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First Report of Cladobotryum protrusum causing Cobweb Disease on the Edible Mushroom Coprinus comatus

February 2015 , Volume 99 , Number  2
Pages  287.1 - 287.1

G. Z. Wang, M. P. Guo, and Y. B. Bian, Institute of Applied Mycology, College of Plant Science and Technology, Huazhong Agricultural University, Wuhan, Hubei 430070, China



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Accepted for publication 23 October 2014.

Coprinus comatus is one of the most commercially important mushrooms in China. Its fruiting body possesses rich nutritional and medicinal value. In November 2013, unusual symptoms were observed on C. comatus on a mushroom farm in Wuhan, Hubei, China. At first, fruiting bodies were covered by white and cobweb-like mycelia. Later, the cap and stipe turned brown or dark before rotting and cracking. The pathogen was isolated from infected tissue of C. comatus. Colonies of the pathogen on potato dextrose agar (PDA) medium first appeared yellowish, followed by an obvious ochraceous or pinkish color. Aerial mycelia grew along the plate wall, cottony, 1 to 4 mm high. Conidiophores were borne on the tops of hyphae, had two to four branches, and were cylindrical, long clavate, or fusiform. Conidia were borne on the tops of the branches of conidiophores, had one to two separates, and were long and clavate. The spores ranged from 15.3 to 22.1 μm long and were 5.1 to 8.3 μm wide, which was consistent with the characteristics of Cladobotryum protrusum (1). The species was identified by ribosomal internal transcribed spacer sequencing. The ribosomal ITS1-5.8S-ITS2 region was amplified from the isolated strain using primers ITS1 and ITS4. A BLAST search in GenBank revealed the highest similarity (99%) to C. protrusum (GenBank Accession Nos. FN859408.1 and FN859413.1). The pathogen was grown on PDA at 25°C for 3 days, and the inoculation suspension was prepared by flooding the agar surface with sterilized double-distilled water for spore suspension (1 × 105 conidia/ml). In one treatment, the suspension was sprayed on casing soil (106 conidia/m2) and mixed thoroughly with it, then cased with treated soil for 2 to 3 cm thickness on the surface of compost in cultivation pots (35 × 25× 12 cm), with sterile distilled water as a control (2). Eight biological replicates were included in this treatment. In the second treatment, mycelia plugs (0.3 × 0.3 cm) without spore production were added to 20 fruiting bodies. Mushrooms treated with blank agar plugs (0.3 × 0.3 cm) were used as a control. The plugs were covered with sterilized cotton balls to avoid loss of moisture. Tested cultivation pots were maintained at 18°C and 85 to 95% relative humidity. In the samples where casing soil was sprayed with conidia suspension, white mildew developed on the pileus, and a young fruiting body grew out from the casing soil. Eventually, the surface of the mushroom was overwhelmed by the mycelia of the pathogen and the pileus turned brown or black. For the other group inoculated with mycelia plugs, only the stipe and pileus inoculated with mycelia turned brown or dark; it rotted and cracked 2 to 3 days later. The symptoms were similar to those observed on the C. comatus cultivation farm. Pathogens re-isolated from pathogenic fruiting bodies were confirmed to be C. protrusum based on morphological characteristics and ITS sequence. To our knowledge, this is the first report of the occurrence of C. protrusum on the edible mushroom C. comatus (3). Based on the pathogenicity test results, C. protrusum has the ability to severely infect the fruiting body of C. comatus.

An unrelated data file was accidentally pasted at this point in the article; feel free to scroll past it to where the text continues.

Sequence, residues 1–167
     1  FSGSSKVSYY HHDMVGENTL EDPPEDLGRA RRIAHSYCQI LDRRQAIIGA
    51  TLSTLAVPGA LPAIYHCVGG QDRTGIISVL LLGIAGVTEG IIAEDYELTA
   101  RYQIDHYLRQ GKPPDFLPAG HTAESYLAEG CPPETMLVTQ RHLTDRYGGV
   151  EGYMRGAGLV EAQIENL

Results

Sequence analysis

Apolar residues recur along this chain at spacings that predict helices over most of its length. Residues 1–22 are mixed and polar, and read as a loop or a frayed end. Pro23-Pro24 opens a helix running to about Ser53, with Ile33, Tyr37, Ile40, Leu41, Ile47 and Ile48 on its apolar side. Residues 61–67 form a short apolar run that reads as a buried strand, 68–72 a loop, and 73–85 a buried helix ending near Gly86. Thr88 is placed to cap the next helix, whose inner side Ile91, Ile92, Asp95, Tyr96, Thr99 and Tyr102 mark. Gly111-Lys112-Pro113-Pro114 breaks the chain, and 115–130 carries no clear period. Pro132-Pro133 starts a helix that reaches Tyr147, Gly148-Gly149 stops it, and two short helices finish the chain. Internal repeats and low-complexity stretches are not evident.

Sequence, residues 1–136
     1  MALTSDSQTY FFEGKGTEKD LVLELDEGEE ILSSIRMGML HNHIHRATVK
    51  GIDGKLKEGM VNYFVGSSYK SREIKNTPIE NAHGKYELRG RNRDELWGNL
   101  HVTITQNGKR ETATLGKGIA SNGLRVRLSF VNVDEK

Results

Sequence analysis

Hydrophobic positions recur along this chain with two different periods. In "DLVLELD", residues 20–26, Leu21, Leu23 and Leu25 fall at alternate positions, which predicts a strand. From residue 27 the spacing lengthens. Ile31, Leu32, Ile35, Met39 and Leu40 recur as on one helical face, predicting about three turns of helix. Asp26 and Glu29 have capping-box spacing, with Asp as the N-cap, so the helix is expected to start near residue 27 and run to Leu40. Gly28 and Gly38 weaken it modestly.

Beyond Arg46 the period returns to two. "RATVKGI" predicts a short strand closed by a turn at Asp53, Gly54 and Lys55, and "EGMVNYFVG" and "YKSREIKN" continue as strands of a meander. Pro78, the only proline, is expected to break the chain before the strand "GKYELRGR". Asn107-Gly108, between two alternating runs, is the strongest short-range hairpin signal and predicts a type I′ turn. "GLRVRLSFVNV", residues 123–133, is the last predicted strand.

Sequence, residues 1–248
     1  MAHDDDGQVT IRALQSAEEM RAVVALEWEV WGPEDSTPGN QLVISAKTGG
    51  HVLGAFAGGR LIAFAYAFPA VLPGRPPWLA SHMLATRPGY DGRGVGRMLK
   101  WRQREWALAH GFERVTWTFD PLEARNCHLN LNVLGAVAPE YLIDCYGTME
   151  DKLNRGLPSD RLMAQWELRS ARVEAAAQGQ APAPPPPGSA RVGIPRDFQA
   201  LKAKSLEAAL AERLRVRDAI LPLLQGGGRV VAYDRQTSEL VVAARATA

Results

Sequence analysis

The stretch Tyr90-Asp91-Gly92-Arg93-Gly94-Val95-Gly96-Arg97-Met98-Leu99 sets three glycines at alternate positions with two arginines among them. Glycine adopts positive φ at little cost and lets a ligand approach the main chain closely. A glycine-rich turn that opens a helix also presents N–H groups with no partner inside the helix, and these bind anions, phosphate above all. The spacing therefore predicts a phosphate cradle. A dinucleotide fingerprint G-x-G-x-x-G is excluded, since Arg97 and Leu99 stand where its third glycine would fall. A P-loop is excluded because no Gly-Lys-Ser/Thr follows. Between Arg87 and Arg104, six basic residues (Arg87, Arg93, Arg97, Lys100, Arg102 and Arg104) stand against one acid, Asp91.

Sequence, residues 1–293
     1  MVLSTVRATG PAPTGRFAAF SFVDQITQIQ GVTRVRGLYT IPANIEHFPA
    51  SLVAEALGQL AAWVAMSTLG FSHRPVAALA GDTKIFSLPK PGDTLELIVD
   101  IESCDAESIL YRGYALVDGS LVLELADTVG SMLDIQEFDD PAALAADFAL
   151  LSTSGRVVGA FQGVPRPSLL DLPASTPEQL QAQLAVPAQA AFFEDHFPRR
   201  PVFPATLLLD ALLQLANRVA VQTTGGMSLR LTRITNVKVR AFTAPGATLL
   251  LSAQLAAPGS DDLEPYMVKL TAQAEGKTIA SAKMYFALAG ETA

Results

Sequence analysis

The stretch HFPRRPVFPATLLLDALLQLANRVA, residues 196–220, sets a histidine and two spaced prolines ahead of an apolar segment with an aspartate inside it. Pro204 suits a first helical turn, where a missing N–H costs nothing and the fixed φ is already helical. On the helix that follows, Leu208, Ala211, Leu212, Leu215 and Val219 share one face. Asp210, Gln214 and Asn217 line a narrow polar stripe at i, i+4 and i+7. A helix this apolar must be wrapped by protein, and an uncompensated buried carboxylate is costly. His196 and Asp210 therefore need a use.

References: (1) K. Põldmaa. Stud. Mycol. 68:1, 2011. (2) F. J. Gea et al. Plant Dis. 96:1067, 2012. (3) W. H. Dong et al. Plant Dis. 97:1507, 2013.



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